The manger, Jesus, Mary, Joseph, the shepherds, the angels, the wise men, all the barnyard animals, and the Star of the East:
It didn’t last thirty minutes. It is a highlight of our Christmas season 🙂
Earlier this fall, a Michigan prosecuting attorney began making the rounds of metro Detroit high schools letting kids know that increasingly normal behavior – sexting – could land them in jail for a long time.
Oakland County Prosecutor Jessica Cooper stepped up her education efforts after nearly three dozen Rochester area teens faced felony charges after circulating nude photos on their cell phones.
Cooper backs reform of laws that require Michigan prosecutors to charge sexting teens under the same statutes intended to prosecute pedophiles.
But in the meantime, she wants kids to be aware of the serious legal consequences of activity that a study by the American Academy of Pediatrics found is a “normal” part of adolescent sexual development.
And because they don’t want their parents to know what they’re up to as they click away on cell phone screens, they’ve developed their own shorthand to keep them in the dark.
A Denver television station tested – and stumped – several parents to determine if they could crack the codes their children use when they’re texting or sending online messages on their phones.
A detective with the Jefferson County District Attorney’s Office told Denver television station KMGH that parents may be missing some red flags “because they don’t know the lingo or the language.”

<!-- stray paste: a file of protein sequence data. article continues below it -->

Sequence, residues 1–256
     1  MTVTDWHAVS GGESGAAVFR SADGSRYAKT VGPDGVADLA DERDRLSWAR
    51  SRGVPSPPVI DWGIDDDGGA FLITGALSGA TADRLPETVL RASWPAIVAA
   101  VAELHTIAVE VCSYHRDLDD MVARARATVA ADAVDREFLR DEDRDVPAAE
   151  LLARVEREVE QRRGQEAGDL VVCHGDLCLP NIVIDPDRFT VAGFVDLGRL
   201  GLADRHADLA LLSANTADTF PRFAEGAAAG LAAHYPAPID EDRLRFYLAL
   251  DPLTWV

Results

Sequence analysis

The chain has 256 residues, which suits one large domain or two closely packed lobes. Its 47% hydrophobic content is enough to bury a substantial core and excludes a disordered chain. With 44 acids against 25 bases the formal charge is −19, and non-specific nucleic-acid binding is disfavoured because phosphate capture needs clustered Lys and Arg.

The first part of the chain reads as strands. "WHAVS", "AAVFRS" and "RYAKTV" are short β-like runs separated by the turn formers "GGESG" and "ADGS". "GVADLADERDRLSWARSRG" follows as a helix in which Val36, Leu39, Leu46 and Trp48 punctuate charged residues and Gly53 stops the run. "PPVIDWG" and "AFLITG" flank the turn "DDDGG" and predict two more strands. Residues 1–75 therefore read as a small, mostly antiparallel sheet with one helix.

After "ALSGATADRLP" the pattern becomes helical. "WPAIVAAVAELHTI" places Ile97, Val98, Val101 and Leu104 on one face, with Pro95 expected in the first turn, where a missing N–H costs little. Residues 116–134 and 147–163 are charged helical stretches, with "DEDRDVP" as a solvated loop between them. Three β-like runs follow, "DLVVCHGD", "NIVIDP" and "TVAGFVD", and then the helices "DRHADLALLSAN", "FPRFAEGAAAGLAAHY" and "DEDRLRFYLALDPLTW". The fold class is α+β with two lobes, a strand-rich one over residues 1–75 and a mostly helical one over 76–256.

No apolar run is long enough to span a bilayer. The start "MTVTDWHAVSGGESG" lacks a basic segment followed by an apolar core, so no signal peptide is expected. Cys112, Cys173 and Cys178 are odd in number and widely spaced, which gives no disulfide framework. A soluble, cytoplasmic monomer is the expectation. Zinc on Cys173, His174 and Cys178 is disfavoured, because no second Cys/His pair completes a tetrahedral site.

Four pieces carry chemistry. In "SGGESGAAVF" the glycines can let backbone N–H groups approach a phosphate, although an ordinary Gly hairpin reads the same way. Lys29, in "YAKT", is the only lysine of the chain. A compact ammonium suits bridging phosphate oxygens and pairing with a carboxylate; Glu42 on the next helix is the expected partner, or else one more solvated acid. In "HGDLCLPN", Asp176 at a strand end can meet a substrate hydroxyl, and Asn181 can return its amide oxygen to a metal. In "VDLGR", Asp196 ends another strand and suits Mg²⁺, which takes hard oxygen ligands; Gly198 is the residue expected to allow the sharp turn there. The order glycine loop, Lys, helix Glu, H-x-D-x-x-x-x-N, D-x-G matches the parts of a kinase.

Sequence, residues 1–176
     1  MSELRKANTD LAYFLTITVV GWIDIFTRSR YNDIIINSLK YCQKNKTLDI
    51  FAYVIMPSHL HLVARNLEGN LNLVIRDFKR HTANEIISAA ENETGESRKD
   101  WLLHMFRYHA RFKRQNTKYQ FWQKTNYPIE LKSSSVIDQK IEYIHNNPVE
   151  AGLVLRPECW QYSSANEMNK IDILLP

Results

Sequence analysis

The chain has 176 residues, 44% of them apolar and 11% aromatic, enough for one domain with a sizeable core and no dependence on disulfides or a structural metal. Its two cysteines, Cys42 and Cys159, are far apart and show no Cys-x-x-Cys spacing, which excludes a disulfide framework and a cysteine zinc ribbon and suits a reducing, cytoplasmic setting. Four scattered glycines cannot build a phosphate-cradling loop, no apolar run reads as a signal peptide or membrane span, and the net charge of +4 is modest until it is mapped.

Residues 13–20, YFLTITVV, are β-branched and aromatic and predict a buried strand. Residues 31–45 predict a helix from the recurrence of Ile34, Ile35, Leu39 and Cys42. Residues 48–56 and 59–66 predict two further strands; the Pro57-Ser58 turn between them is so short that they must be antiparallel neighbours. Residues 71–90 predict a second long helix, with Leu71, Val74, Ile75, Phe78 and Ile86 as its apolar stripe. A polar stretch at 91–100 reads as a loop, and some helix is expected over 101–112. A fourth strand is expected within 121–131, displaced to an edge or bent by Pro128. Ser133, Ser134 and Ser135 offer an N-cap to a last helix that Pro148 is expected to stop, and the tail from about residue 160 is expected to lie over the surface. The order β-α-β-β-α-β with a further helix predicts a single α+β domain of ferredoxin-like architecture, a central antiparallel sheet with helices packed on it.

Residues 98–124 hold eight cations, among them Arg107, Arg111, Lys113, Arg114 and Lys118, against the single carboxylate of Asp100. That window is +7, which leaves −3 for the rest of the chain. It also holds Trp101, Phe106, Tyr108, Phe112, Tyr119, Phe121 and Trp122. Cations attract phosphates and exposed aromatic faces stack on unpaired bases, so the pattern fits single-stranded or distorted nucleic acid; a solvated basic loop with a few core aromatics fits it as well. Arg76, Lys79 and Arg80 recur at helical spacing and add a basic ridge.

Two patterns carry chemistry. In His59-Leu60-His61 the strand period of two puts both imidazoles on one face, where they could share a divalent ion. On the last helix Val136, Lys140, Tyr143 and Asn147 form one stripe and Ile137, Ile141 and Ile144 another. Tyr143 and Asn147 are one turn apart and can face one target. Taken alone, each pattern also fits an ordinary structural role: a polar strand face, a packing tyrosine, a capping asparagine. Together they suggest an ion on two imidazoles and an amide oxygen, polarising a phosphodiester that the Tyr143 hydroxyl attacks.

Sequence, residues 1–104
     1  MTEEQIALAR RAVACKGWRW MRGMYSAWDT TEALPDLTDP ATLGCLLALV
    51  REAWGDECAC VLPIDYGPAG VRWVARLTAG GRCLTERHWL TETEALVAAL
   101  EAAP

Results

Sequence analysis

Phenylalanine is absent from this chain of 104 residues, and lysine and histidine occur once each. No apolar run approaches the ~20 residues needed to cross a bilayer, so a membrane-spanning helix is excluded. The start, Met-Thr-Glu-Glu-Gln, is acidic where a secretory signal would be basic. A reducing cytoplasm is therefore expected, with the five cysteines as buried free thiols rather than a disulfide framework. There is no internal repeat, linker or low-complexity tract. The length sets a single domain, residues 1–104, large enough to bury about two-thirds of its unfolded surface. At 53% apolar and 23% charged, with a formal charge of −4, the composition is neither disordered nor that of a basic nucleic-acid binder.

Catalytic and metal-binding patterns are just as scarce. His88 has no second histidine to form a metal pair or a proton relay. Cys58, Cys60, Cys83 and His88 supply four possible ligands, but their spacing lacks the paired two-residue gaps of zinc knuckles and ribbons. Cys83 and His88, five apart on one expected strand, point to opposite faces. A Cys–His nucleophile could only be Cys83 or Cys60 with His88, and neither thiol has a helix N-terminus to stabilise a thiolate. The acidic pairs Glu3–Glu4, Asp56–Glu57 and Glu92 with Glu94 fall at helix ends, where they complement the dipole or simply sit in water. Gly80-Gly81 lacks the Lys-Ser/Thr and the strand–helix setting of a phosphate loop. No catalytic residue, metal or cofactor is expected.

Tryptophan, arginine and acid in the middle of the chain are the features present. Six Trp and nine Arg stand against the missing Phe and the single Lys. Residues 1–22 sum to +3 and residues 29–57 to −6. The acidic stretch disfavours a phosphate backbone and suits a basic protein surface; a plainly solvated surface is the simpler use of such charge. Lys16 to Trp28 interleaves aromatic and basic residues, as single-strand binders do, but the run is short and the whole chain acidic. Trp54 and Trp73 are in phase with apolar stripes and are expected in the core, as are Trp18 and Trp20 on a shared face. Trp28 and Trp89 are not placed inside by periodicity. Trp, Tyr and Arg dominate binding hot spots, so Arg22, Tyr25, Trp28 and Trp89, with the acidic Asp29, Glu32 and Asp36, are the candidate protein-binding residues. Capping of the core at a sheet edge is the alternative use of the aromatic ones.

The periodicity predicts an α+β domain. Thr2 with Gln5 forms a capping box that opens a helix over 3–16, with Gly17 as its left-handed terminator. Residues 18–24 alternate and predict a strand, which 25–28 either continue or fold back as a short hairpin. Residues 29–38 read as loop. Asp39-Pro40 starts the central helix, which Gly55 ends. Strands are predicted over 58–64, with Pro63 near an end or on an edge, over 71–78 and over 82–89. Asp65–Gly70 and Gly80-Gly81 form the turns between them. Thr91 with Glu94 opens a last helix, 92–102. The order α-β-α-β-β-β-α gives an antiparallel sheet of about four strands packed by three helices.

Here’s a list of commonly used terms:
8 – it means ate, can also refer to oral sex
9 – Parent watching
99 – Parent gone
1337 – Elite, leet or L337
143 – I love you
1174 – the meeting place, meet at
420 – Marijuana
459 – I love you
53X – Sex
ADR – Address
AEAP – As Early As Possible
ALAP – As Late As Possible
ASL – Age/Sex/Location
BROKEN – hung over from alcohol
CD9 – Code 9 (parents are around)
C-P – Sleepy
F2F – Face-to-Face
GNOC – Get Naked On Cam
GYPO – Get Your Pants Off
HAK – Hugs And Kisses
ILU – I Love You
IWSN – I Want Sex Now
KOTL – Kiss On The Lips
KFY or K4Y – Kiss For You
KPC – Keeping Parents Clueless
LMIRL – Let’s Meet In Real Life
MOOS – Member Of The Opposite Sex
MOSS – Member Of The Same Sex
MorF – Male or Female
MOS – Mom Over Shoulder
MPFB – My Personal F*** Buddy
NALOPKT – Not A Lot Of People Know That
NIFOC – Nude In Front Of The Computer
NMU – Not Much, You?
P911 – Parent Alert
PAL – Parents Are Listening -or- Peace And Love
PAW – Parents Are Watching
PIR – Parent In Room
POS – Parent Over Shoulder or Piece Of Sh**
pron – Porn
Q2C – Quick To Cum
RU/18 – Are You Over 18?
RUMORF – Are You Male OR Female?
RUH – Are You Horny?
S2R – Send To Receive
SorG – Straight or Gay
TDTM – Talk Dirty To Me
WUF – Where You From
WYCM – Will You Call Me?
WYRN – What’s Your Real Name?